TERRAPUB Earth, Planets and Space

Earth, Planets Space, Vol. 51 (No. 11), pp. 1195-1213, 1999

Spatial structure and coherent motion in dense planetary rings induced by self-gravitational instability

Hiroshi Daisaka and Shigeru Ida

Department of Earth and Planetary Sciences, Faculty of Science, Tokyo Institute of Technology, Tokyo 152-8551, Japan

(Received December 1, 1998; Revised April 6, 1999; Accepted May 10, 1999)

Abstract: We investigate the formation of spatial structure in dense, self-gravitating particle systems such as Saturn's B-ring through local N-body simulations to clarify the intrinsic physics based on individual particle motion. In such a system, Salo (1995) showed that the formation of spatial structure such as wake-like structure and particle grouping (clump) arises spontaneously due to gravitational instability and the radial velocity dispersion increases as the formation of the wake structure. However, intrinsic physics of the phenomena has not been clarified. We performed local N-body simulations including mutual gravitational forces between ring particles as well as direct (inelastic) collisions with identical (up to N~ 40000) particles. In the wake structure particles no longer move randomly but coherently. We found that particle motion was similar to Keplerian motion even in the wake structure and that the coherent motion was produced since the particles in a clump had similar eccentricity and longitude of perihelion. This coherent motion causes the increase and oscillation in the radial velocity dispersion. The mean velocity dispersion is rather larger in a more dissipative case with a smaller restitution coefficient and/or a larger surface density since the coherence is stronger in the more dissipative case. Our simulations showed that the wavelength of the wake structure was approximately given by the longest wavelength lcr=4π2GS/k2 in the linear theory of axisymmetric gravitational instability in a thin disk, where N, S, and kare the gravitational constant, surface density, and a epicyclic frequency.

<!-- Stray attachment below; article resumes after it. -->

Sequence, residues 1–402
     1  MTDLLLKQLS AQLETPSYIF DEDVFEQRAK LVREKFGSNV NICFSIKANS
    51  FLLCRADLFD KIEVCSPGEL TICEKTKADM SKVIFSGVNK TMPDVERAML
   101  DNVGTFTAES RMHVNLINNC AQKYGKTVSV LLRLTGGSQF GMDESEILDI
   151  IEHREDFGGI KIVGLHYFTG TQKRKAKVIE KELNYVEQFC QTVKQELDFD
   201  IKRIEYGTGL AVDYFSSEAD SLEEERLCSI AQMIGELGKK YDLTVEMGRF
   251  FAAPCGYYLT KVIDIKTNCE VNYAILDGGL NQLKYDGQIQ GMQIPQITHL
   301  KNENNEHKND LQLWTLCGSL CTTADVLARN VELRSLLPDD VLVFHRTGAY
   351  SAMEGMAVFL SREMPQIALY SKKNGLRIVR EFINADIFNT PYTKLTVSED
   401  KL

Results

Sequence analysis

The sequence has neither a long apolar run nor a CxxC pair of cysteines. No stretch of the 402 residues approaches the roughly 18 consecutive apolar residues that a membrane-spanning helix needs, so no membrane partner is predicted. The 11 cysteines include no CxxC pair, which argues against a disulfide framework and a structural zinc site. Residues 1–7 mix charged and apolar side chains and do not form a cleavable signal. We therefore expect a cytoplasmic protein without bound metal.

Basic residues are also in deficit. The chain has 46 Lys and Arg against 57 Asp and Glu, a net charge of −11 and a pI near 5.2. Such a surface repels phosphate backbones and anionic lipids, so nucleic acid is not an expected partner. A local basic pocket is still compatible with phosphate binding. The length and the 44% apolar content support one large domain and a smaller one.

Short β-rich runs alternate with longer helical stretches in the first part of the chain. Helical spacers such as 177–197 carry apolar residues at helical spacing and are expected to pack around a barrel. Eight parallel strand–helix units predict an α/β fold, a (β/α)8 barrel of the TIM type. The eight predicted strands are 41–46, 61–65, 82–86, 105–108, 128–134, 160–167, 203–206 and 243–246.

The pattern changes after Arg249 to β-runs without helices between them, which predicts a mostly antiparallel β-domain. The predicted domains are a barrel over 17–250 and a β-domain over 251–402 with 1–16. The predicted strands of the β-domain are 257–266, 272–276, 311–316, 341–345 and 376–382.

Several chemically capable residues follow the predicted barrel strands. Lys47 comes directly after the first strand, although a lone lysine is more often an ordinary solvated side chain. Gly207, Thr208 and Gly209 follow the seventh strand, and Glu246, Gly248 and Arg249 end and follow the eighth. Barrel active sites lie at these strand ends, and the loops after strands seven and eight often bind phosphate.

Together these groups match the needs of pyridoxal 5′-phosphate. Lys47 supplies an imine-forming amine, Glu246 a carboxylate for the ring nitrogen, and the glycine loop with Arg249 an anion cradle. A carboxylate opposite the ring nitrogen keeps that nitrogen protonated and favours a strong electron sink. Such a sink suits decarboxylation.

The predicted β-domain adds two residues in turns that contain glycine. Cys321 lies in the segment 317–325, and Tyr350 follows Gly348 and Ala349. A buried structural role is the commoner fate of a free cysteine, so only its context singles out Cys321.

Corresponding author E-mail: hdaisaka@geo.titech.ac.jp


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